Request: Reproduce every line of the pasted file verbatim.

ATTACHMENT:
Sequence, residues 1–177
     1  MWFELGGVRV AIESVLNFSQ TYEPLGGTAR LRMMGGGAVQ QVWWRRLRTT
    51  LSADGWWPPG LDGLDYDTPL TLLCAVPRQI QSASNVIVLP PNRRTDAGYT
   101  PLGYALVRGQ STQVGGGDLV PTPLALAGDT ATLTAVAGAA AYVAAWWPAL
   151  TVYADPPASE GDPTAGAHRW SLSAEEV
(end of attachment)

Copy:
Sequence, residues 1–177
     1  MWFELGGVRV AIESVLNFSQ TYEPLGGTAR LRMMGGGAVQ QVWWRRLRTT
    51  LSADGWWPPG LDGLDYDTPL TLLCAVPRQI QSASNVIVLP PNRRTDAGYT
   101  PLGYALVRGQ STQVGGGDLV PTPLALAGDT ATLTAVAGAA AYVAAWWPAL
   151  TVYADPPASE GDPTAGAHRW SLSAEEV